More Breast Cancer Patients May Be Able to Effectively Skip Chemotherapy

According to The Washington Post, recent results from a study show great news for women diagnosed with early-stage breast cancer. The news is that the majority of these women will not need additional chemotherapy after surgery. The results were reported about a week ago, and the implications of this will greatly affect the breast cancer community.

Breast cancer is the most common type of cancer among women. Specifically, women with BRCA mutations are five times more likely to develop breast cancer. The two most well known types of tumor suppressor genes involved in breast cancer are BRCA 1 and BRCA 2. Rare mutations in these genes can lead to breast cancer in both women and men. Symptoms of BRCA-mutated breast cancer include swelling in the breast, pain in the breast, and more. To read more about causes, symptoms and treatment for BRCA-mutated breast cancer, click here.

The results of the recent study involving breast cancer and chemotherapy came from the biggest breast cancer trial to date. The trial found that women with an intermediate risk of developing a cancer recurrence are able to safely avoid chemotherapy. In the U.S., this group includes about 65,000 women a year. That is 65,000 women yearly who can skip chemotherapy and therefore bypass all the awful side effects associated with the treatment.

An oncologist at Stanford University who heard the news offered her positive response: “We have been waiting for these results for years… They are going to change treatment and remove uncertainty for women making decisions.”

Before this, the same study determined that low risk breast cancer patients were able to detour chemotherapy. This information was previously known, but combining that data with the new, the implications are that over 85,000 women a year can escape the dreaded chemotherapy.

The specific type of breast cancer referred to in the study is one that has not spread to the lymph nodes and is driven by hormones. Additionally, the patients with this type of breast cancer do not contain a protein called HER2. In these patients, after surgery, they are treated with endocrine therapy.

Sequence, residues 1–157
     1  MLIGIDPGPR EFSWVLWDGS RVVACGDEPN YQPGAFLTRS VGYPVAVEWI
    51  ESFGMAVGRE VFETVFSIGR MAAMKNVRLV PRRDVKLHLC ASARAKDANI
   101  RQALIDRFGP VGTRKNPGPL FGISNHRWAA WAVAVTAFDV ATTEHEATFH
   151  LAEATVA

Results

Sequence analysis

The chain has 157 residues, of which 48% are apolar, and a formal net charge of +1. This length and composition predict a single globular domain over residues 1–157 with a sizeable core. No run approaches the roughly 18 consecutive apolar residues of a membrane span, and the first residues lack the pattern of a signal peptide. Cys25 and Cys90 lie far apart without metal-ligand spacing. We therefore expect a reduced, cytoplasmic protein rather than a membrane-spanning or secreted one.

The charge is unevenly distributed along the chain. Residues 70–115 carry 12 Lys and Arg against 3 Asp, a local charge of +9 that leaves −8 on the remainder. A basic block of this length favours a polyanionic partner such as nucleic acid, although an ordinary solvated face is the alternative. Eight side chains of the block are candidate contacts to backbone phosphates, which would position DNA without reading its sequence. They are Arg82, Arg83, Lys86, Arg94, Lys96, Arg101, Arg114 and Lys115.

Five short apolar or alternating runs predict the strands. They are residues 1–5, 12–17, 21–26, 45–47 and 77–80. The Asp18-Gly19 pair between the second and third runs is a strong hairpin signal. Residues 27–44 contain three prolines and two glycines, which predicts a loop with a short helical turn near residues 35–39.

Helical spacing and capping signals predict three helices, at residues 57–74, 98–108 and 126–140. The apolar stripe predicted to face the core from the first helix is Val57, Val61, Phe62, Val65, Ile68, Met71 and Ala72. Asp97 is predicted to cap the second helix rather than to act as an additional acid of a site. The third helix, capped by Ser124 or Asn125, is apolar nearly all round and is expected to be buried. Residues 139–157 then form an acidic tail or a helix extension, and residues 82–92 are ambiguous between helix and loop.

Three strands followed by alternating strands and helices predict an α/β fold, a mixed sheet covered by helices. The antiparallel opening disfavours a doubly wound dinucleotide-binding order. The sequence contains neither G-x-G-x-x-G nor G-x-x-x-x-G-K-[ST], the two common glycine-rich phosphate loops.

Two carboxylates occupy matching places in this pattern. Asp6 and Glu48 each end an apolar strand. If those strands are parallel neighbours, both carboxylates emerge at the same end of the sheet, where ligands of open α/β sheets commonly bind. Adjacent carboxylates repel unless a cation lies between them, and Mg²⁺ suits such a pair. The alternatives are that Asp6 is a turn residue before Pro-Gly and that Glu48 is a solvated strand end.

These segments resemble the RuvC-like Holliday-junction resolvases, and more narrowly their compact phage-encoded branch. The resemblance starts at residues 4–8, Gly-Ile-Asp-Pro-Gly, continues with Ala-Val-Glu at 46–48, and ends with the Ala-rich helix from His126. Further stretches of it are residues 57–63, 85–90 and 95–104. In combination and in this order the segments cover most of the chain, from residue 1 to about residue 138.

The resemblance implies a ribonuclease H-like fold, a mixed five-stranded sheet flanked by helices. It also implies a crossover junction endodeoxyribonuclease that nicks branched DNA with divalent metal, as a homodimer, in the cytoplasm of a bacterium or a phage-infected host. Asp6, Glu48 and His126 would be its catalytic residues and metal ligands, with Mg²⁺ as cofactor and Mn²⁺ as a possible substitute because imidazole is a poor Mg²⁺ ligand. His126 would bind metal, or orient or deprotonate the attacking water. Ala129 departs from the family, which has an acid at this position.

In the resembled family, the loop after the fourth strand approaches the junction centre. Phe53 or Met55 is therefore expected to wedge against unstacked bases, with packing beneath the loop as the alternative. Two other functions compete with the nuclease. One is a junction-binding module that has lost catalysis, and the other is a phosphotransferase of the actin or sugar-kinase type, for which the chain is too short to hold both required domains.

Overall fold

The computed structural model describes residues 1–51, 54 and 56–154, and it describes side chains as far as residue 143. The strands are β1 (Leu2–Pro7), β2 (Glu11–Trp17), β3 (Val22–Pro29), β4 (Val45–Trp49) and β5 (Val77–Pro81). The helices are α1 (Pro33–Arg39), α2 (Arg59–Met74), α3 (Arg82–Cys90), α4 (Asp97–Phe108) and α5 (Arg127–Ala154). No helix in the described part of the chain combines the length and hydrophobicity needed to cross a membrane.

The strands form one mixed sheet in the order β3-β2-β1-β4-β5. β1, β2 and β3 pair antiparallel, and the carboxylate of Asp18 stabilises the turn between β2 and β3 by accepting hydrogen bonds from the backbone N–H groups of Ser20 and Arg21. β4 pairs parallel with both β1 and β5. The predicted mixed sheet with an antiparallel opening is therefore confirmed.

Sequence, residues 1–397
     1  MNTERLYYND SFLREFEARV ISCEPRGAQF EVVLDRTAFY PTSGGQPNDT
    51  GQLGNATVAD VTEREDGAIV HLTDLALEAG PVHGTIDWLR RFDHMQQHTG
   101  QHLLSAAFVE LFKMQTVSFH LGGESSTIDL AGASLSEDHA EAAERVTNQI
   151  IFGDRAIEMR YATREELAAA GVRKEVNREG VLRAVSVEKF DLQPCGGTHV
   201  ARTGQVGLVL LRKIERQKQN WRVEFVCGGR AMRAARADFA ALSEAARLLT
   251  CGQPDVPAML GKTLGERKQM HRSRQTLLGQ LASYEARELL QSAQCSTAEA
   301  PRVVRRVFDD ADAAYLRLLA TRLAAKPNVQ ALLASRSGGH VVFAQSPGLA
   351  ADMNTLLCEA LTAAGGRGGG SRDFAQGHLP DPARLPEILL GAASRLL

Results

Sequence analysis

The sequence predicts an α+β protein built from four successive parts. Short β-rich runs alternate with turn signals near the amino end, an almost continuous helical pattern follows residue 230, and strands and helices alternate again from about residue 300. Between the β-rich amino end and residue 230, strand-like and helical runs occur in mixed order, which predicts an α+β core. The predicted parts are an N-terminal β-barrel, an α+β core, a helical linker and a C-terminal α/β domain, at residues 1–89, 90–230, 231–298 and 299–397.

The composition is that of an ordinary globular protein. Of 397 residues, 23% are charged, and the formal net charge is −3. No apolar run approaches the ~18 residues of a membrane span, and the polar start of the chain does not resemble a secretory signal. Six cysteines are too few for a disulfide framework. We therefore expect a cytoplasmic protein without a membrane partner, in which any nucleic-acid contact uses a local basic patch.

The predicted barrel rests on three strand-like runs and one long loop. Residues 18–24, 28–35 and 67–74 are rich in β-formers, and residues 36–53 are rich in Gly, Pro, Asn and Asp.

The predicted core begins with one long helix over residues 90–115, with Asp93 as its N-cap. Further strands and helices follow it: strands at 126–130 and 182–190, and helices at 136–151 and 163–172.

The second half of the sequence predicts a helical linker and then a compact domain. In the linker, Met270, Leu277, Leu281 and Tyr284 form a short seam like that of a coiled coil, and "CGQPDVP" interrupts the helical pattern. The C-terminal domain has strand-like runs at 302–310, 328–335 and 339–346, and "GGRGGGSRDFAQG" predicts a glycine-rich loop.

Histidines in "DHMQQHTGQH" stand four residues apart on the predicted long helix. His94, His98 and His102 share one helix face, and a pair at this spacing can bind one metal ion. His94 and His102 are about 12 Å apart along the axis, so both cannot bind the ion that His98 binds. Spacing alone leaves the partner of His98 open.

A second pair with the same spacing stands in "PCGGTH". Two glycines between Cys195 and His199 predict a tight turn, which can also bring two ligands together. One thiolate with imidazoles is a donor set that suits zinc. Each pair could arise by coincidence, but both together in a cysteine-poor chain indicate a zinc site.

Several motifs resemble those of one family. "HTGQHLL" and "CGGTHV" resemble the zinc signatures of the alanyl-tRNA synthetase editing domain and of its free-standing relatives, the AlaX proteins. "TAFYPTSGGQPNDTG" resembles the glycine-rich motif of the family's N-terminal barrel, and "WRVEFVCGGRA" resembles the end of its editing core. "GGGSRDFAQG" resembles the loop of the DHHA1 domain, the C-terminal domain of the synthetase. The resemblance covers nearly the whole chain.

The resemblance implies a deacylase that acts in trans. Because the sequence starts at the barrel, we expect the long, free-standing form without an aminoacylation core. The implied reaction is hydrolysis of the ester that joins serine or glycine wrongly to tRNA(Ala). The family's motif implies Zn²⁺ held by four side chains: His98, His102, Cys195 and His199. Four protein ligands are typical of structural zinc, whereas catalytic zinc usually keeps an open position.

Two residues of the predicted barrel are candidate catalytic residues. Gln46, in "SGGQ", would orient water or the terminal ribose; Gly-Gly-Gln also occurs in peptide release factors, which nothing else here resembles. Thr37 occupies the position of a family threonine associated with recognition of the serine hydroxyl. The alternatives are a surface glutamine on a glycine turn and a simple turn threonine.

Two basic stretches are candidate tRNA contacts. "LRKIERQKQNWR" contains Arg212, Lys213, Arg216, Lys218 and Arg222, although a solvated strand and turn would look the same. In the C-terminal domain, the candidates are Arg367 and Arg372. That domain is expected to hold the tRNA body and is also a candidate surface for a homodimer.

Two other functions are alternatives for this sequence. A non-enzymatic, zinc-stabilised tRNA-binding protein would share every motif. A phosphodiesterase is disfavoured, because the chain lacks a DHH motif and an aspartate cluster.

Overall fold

Results from a federally funded trial was created to assist doctors in tailoring more specific treatments for early-stage breast cancers. The trial began in 2006 and included over 10,000 women with an early-stage breast cancer diagnosis. This study, along with previous ones, made it clear that women with low scores could effectively skip chemotherapy treatment but that those with high scores should definitely be given it.

The question then moved to how to treat those with mid-range scores. A new study was run in which scientists divided more than 6,700 women with mid-range scores into two groups with varying treatments.

Following surgery, half of this group received just endocrine therapy and the other half received endocrine therapy and chemotherapy. After years, including follow-up, results confirmed that these mid-range patients who received only endocrine therapy recovered just as well as those who received both endocrine and chemotherapy.

In the past, many early-stage breast cancer patients were encouraged to get chemotherapy to squander any potential spread of the disease, but now research proves that these women who receive additional chemotherapy are over treated. A reduction in chemotherapy means a reduced amount of terrible side effects and potentially hazardous outcomes including nausea, fatigue, and even leukemia.

University of Michigan researcher, Steven Katz, agrees. “Oncologists have been getting much smarter about dialing back treatment so that it doesn’t do more harm than good. That’s important because chemo is toxic; it whacks patients out and can result in long-term job loss,” Katz said.

But though this discovery may greatly scale back the amount of patients on chemotherapy, chemotherapy is also being increased for some cancers that need more treatment. After all, life is all about finding the right balances.

To read more about this research, click here.

Share this post

Share on facebook
Share on twitter
Share on linkedin
Share on pinterest
Share on print
Share on email